A German emissions probe conducted following the Volkswagen (VOWG_p.DE) scandal suggested that some Fiat vehicles showed irregular levels of diesel exhaust pollution if the cars ran for longer than 22 minutes, Bild am Sonntag said.
A spokesman for Fiat in Italy declined to comment.
The newspaper said the investigation by the Federal Motor Transport Authority (KBA) revealed that an emissions treatment system on an unspecified Fiat model was throttled back after 22 minutes, a sign that the producer may be employing technical devices or software to avoid emissions cleaning filters.
The normal duration of regulatory tests for vehicle emissions is about 20 minutes, the paper added.
The Volkswagen emissions-test cheating scandal cast a spotlight on industry-wide emissions of health-threatening nitrogen oxide (NOx) levels in diesel fumes.
Following the KBA investigation, the firm and some other top German manufacturers — Porsche, Opel, Audi and Mercedes — agreed to recall 630,000 vehicles to tweak diesel engine software technology.
While no German manufacturer other than VW was found to have used illegal cheating software, carmakers were making liberal use of something they call a “thermal window” which refers to the time when carmakers are allowed to throttle back emissions management systems in order to protect the engine from condensation or other damage.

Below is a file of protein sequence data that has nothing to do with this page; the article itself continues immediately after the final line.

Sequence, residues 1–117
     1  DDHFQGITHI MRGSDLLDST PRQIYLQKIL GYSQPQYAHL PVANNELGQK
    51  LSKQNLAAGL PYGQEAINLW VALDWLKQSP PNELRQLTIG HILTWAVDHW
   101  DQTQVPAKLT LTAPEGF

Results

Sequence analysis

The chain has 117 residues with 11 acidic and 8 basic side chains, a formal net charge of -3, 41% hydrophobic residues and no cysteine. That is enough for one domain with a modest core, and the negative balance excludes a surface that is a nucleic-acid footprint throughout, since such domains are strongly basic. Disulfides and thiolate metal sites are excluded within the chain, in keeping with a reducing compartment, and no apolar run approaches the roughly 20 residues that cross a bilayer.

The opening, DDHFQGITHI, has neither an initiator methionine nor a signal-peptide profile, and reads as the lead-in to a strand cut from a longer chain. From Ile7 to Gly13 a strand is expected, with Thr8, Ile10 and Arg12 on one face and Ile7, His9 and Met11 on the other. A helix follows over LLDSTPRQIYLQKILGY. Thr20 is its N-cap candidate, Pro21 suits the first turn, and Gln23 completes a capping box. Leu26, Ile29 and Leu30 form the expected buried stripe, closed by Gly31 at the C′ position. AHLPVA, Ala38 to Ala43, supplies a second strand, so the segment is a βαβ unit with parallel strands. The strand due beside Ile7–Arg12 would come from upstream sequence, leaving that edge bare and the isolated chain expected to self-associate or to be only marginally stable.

Auto supplier Bosch [ROBG.UL] is said to have informed German investigators that Fiat was using a mechanism that virtually disabled exhaust filters, Bild am Sonntag reported. Bosch declined to comment.
Bild am Sonntag did not clarify whether the mechanism revealed in the Fiat test also functioned as a “thermal window”.
Regulators and environmental groups have criticized the widespread use of systems that switch off emissions treatment not just to improve engine performance but also to increase the interval between services.
The government official said there needed to be clarification at European level over the use and declaration of engine protection mechanisms.